Steamscape - Casco Bay. Monson Railroad #4 runs east along the shore of pretty Casco Bay in downtown Portland, Maine, with a young Guest Engineer at the throttle.
Since its inception in 1993, the Maine Narrow Gauge Railroad Company and Museum has called the Portland Waterfront home. The museum's 1.5 miles of trackage runs along a former Grand Trunk right-of-way that is now Portland's Eastern Promenade. It's a rail-trail of sorts, that is heavily utilized by runners, cyclists and average folks taking their dogs for walks. The line passes the city's Marine Terminal, which plays host to numerous cruise ships in the summer, and little 2-foot railroad is among the first things that visiting tourists see when they come ashore. The short train ride is very reasonably priced and offers scenic views of Casco Bay. In the winter, the line hosts the Polar Express, which typically sells out nearly all of the trains that are offered.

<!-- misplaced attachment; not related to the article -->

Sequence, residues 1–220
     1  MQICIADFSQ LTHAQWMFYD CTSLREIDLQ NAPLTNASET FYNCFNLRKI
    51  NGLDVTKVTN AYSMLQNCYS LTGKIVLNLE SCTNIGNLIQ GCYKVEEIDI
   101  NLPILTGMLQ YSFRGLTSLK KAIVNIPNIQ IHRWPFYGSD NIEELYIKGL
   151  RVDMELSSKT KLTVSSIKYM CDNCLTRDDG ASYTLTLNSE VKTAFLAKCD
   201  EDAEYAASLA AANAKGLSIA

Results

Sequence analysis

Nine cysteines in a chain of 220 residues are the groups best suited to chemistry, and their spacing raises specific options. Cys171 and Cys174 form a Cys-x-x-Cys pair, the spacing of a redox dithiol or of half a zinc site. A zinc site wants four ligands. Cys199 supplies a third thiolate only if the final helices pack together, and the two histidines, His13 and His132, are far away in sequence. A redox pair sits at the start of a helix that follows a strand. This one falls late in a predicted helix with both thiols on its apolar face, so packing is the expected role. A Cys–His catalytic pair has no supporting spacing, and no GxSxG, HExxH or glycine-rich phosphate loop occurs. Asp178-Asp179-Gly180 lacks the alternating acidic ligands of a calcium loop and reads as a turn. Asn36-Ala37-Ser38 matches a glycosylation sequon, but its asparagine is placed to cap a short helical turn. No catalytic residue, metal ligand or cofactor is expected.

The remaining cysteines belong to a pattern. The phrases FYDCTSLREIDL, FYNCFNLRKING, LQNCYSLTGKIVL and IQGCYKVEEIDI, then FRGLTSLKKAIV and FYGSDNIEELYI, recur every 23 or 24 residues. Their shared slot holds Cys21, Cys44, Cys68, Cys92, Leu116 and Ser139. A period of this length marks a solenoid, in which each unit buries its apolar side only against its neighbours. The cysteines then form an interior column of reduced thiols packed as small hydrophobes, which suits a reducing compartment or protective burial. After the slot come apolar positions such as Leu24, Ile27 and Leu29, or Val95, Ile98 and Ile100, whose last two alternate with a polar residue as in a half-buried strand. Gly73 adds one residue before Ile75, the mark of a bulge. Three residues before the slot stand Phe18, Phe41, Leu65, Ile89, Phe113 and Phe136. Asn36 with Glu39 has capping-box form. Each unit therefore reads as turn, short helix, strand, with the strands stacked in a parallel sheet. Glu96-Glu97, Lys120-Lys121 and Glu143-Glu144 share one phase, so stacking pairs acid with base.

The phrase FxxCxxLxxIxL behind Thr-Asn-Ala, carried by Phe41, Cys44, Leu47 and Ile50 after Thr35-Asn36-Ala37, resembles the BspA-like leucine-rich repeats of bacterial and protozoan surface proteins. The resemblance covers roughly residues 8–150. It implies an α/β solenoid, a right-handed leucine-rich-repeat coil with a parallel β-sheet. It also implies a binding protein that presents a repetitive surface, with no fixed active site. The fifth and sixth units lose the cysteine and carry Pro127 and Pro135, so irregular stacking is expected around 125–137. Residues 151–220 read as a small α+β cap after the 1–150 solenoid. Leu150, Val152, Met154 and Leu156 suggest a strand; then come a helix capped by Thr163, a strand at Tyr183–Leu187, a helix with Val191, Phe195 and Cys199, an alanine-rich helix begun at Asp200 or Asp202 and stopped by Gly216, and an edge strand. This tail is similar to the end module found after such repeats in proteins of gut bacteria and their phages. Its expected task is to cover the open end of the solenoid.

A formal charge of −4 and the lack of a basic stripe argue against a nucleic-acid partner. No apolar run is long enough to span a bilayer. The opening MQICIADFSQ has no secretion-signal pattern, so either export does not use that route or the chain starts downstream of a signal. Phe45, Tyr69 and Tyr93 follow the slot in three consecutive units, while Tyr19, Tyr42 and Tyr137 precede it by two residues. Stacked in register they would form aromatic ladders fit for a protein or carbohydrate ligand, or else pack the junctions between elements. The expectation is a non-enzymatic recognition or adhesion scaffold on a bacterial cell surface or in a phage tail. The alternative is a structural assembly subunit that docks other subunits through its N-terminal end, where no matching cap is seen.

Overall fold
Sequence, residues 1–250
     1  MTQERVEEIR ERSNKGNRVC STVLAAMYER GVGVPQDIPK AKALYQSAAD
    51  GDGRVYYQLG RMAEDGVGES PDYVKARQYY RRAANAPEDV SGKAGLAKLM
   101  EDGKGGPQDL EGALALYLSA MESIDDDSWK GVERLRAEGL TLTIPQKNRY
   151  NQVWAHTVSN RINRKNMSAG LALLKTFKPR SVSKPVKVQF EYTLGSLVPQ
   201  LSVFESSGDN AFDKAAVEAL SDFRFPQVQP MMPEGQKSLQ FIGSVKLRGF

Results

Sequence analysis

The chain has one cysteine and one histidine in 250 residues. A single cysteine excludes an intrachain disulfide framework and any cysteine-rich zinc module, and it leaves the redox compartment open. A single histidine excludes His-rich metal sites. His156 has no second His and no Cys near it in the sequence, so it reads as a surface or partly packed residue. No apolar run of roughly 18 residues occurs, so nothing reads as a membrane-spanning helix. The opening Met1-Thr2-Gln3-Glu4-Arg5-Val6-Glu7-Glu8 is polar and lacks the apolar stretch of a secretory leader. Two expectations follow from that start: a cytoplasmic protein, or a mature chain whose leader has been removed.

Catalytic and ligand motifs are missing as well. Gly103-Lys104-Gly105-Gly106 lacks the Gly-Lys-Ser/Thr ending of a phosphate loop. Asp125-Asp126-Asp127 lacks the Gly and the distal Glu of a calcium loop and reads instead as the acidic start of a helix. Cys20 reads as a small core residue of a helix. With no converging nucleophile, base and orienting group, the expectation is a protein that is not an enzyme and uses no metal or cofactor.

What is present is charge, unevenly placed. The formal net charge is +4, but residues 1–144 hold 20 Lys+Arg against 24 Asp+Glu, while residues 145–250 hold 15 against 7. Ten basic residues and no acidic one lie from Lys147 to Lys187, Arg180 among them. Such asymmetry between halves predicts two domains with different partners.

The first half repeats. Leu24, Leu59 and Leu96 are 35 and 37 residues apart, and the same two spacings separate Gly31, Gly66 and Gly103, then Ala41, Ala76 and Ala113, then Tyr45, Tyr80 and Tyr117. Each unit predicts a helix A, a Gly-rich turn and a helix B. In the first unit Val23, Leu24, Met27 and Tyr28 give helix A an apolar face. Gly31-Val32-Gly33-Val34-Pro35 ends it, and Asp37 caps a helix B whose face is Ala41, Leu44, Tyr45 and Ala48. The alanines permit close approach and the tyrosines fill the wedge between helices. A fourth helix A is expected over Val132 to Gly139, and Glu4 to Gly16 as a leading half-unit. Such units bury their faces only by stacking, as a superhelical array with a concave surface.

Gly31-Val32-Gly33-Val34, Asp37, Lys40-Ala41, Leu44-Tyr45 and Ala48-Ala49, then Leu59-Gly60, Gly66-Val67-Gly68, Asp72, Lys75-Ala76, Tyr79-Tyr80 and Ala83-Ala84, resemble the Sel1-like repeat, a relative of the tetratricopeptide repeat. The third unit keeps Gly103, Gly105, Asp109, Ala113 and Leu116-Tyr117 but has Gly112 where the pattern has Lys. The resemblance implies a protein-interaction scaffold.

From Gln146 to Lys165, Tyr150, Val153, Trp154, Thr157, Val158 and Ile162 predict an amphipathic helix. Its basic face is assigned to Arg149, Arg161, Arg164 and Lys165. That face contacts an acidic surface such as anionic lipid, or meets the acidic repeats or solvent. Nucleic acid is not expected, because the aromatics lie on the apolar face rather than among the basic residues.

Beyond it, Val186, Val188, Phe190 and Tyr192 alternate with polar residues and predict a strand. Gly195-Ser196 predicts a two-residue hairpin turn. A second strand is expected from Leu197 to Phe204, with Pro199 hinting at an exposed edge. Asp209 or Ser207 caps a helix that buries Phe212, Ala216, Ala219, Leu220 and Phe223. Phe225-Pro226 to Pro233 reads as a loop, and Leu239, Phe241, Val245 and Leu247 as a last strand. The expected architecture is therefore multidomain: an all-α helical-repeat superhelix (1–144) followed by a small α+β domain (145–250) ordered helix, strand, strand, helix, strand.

Despite all of the apparent advantages of having the museum downtown in a large city, there are also some disadvantages. The museum has very little indoor storage, which is becoming an issue for the wooden rolling stock. In addition vandalism has also been a problem. From a historical standpoint the location is also not prototypical for a Maine 2-foot line. In the last couple of years, and agreement has been worked out with the town of Gray, Maine, to allow the museum to move to a more rural location, and with hopefully better facilities. Future excursions will run along a former interurban ROW in a setting more reminiscent of 2-foot country. The move is expected to happen gradually, over the next several years, as a good deal of money must be raised, and facilities built in the new location.